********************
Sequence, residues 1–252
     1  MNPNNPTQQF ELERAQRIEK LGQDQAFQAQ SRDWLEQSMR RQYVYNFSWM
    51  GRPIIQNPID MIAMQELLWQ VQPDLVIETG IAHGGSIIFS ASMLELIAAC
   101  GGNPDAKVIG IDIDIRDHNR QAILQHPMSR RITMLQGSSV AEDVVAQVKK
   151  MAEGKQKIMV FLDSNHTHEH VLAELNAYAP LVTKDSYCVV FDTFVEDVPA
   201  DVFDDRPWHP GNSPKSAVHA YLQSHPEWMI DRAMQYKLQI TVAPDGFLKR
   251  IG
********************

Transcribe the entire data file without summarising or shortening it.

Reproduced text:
Sequence, residues 1–252
     1  MNPNNPTQQF ELERAQRIEK LGQDQAFQAQ SRDWLEQSMR RQYVYNFSWM
    51  GRPIIQNPID MIAMQELLWQ VQPDLVIETG IAHGGSIIFS ASMLELIAAC
   101  GGNPDAKVIG IDIDIRDHNR QAILQHPMSR RITMLQGSSV AEDVVAQVKK
   151  MAEGKQKIMV FLDSNHTHEH VLAELNAYAP LVTKDSYCVV FDTFVEDVPA
   201  DVFDDRPWHP GNSPKSAVHA YLQSHPEWMI DRAMQYKLQI TVAPDGFLKR
   251  IG